As far as I know, there are currently two main approaches to utilising solar radiation for maximum energy conversion to electricity. These are either direct conversion to electricity, using photovoltaic arrays, or the use of simple mirrors to concentrate heat onto a pipe carrying a working fluid to a heat exchanger of some kind.

Edit: There are earlier posts regarding mirrors and votes to close on those grounds but I don't invoke mirrors of any kind in this OP.

My question is: Is it possible, (or is it already current practice in some solar arrays?) to combine these two methods, for increased efficiency in the capture of solar radiation?

This would involve using a photovoltaic solar cell array in a parabolic shaped configuration, with it's reflected radiation then being utilised to increase the temperature of a working fluid, (such as water, or whatever fluid is suitable for the temperature range involved), held within a "pipe" above the solar array.

If this is not feasible, is this because the overall efficiency of the proposed system in this OP is already comparable (or even inferior to) existing systems?

Solar Array

I appreciate that the fluid channel will block some of the solar radiation reaching the PV array and decrease it's efficiency because of both the shadow of the channel and the array of struts needed to hold the fluid channel in place.

This wiki article, from the comment below by sanchises PV Cells and Liquid cooling, is a variation on the above, and may/may not be more efficient than the proposal in this post.

  • $\begingroup$ PV cells are generally most efficient when sunlight hits it perpendicular. I believe this is used with 'flat' panels though, for combined PV and (residential) heating purposes. EDIT: yep. See this Wikipedia article. $\endgroup$
    – Sanchises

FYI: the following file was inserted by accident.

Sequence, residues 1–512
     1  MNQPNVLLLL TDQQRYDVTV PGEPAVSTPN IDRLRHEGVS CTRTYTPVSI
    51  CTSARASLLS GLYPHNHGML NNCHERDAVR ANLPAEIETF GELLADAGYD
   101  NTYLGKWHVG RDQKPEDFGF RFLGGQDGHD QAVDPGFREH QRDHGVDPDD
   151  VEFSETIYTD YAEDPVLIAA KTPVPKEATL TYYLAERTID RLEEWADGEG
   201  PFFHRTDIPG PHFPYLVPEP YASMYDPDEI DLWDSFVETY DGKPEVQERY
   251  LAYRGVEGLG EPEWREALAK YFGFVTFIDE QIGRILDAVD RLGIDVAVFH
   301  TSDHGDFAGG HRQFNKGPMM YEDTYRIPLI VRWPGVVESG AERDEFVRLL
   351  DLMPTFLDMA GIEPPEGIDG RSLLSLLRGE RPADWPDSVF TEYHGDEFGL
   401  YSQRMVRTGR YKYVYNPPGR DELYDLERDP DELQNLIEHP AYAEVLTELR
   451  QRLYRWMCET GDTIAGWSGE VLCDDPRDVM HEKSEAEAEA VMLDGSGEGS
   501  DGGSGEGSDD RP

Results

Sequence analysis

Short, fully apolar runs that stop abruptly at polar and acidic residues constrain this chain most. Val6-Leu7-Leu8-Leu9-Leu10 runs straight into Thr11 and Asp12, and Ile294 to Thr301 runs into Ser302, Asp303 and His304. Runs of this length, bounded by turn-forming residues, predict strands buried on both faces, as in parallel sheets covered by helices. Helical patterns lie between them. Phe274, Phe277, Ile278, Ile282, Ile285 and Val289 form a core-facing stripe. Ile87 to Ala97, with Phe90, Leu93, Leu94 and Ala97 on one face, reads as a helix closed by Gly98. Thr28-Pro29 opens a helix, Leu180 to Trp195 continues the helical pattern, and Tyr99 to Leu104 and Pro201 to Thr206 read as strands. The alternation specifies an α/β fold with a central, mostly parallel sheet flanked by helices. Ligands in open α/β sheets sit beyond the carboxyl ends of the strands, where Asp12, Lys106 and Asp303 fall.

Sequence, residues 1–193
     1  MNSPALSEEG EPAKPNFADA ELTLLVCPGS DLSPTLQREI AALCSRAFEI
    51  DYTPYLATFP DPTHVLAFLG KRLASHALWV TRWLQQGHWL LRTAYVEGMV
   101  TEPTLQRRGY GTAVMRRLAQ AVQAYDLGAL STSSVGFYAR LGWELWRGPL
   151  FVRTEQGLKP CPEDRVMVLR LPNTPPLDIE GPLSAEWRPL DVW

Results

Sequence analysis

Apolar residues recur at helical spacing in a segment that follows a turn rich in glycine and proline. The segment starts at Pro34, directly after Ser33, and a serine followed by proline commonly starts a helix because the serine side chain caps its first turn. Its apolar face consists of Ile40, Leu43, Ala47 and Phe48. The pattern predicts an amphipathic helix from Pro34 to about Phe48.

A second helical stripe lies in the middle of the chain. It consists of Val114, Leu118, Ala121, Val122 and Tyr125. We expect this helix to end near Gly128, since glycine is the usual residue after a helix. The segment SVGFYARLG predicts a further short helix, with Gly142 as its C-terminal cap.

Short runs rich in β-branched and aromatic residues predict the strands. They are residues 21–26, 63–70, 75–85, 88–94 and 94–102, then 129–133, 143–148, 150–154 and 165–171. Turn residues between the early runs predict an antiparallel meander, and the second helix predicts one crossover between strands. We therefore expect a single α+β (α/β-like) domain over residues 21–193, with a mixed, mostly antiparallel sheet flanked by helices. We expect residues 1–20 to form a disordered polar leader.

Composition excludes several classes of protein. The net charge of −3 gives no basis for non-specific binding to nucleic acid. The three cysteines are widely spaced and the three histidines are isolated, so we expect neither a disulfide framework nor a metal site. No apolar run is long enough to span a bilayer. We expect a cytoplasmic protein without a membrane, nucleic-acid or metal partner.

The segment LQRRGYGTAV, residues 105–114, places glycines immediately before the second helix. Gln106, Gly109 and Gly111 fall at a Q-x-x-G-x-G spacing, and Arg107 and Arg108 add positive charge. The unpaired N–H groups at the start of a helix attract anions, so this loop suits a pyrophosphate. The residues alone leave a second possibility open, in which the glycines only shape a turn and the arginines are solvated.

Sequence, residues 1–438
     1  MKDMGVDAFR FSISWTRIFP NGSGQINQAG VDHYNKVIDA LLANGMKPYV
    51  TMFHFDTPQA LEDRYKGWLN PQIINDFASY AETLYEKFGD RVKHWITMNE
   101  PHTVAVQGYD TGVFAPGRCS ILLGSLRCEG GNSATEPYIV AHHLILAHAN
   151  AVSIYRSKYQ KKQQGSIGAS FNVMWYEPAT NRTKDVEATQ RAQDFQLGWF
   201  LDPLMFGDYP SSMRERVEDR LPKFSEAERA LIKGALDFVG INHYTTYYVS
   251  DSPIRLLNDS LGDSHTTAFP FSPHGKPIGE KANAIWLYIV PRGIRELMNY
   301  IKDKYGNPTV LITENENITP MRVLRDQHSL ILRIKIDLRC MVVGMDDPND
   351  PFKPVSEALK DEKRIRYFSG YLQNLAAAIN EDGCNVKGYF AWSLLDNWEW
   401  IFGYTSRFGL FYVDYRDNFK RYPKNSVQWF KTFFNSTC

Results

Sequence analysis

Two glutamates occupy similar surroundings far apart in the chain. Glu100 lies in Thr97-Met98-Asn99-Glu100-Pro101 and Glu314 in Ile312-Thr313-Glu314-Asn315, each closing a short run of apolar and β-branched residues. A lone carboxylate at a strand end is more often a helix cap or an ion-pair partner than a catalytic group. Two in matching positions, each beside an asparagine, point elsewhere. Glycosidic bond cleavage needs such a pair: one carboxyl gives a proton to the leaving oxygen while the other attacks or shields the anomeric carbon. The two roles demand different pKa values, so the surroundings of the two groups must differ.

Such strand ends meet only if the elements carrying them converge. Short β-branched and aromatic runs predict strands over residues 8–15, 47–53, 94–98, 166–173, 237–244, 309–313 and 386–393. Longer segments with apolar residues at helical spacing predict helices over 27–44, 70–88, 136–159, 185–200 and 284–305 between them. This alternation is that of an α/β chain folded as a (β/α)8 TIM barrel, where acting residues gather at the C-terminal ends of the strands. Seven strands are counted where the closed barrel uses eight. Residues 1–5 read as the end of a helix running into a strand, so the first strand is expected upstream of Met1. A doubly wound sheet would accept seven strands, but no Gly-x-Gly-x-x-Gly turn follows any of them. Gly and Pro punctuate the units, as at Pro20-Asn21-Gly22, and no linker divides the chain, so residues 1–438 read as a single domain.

Apr 12 '15 at 13:38
  • $\begingroup$ An interesting application along your lines of thought is the Solar Pumped Laser (see iopscience.iop.org/1555-6611/23/6/065801/article), although this has interest aside from efficiency increase. $\endgroup$ Apr 12 '15 at 14:09
  • $\begingroup$ This is not a duplicate of the "why do solar panels have mirrors". This question is asking about hybrid photovoltaic-thermal energy conversion which has some very interesting thermodynamic properties. Vote to keep open. $\endgroup$
    – boyfarrell
    Apr 12 '15 at 14:48
  • $\begingroup$ @boyfarrell - you are right, there is a difference; I have retracted my close vote. $\endgroup$
    – Floris
    Apr 12 '15 at 21:39

Wikipedia has a good article on hybrid photovoltaic-thermal systems. As you proposed they consist of a solar cell with a thermal collector at the rear.

Solar energy conversion is a fascinating topic from a thermodynamic perspective and has been summarised beautifully by the work of De Vos,

A hybrid photovoltaic-thermal device can be modelled as an endoreversible engine: an irreversible engine where all the irreversibilities are restricted to the coupling of the engine to the external world. By coupling we mean exchanges of particles (the photovoltaic component) and heat (the thermal component).

Endoreversible engine for hybrid conversion

Where $U=Q + \mu N$ represents the flow of energy which has a low-quality component $Q$ and high-quality component $\mu N$. The low-quality component is termed so because it is accompanied by an entropy flow $S=Q/T$ where as the high-quality component is not accompanied by an entropy flow. Thus the total energy flow is accompanied by an entropy flow of $(U -\mu N)/T$.

The photovoltaic component will operate on the flow of particles $N$ and the thermal component will operate on the heat flow $Q$.

For the solar case, $T_1=5762K$, $T_2=300K$, $\mu_1=0$, $\mu_2=0$, thus we solve for $T_3$ and $\mu_3$ to give the hybrid (pv/pt) power conversion efficiency,

Hybrid conversion efficiency without solar concentration.

So quite a significant boost is possible with hybrid conversion. This calculation assume that the sunlight is not concentrated.

Now if we concentrated sunlight to maximum amount 42600$\times$.

Hybrid conversion efficiency with 46200 times solar concentration.

As concentration is increased the hybrid efficiency is boosted only slightly by the photovoltaic process. This is because of dramatic reduction in irreversibility as the concentration of sunlight is increased due to matching of the absorption and emission solid angles and also the much high temperatures that can be reached by the collector allow the Carnot energy to run very efficiently.

  • $\begingroup$ thanks very much for that answer. I just have to ask, (not that I doubt you), if we concentrated sunlight to maximum amount 42600× , how physically speaking is this number achieved? If it's a case of a separate OP, that's no problem...regards $\endgroup$
    – user74893
    Apr 12 '15 at 17:33
  • $\begingroup$ Easy to explain but open a new question because it will involve another diagram and I don't want to clutter this answer. $\endgroup$
    – boyfarrell
    Apr 12 '15 at 17:40

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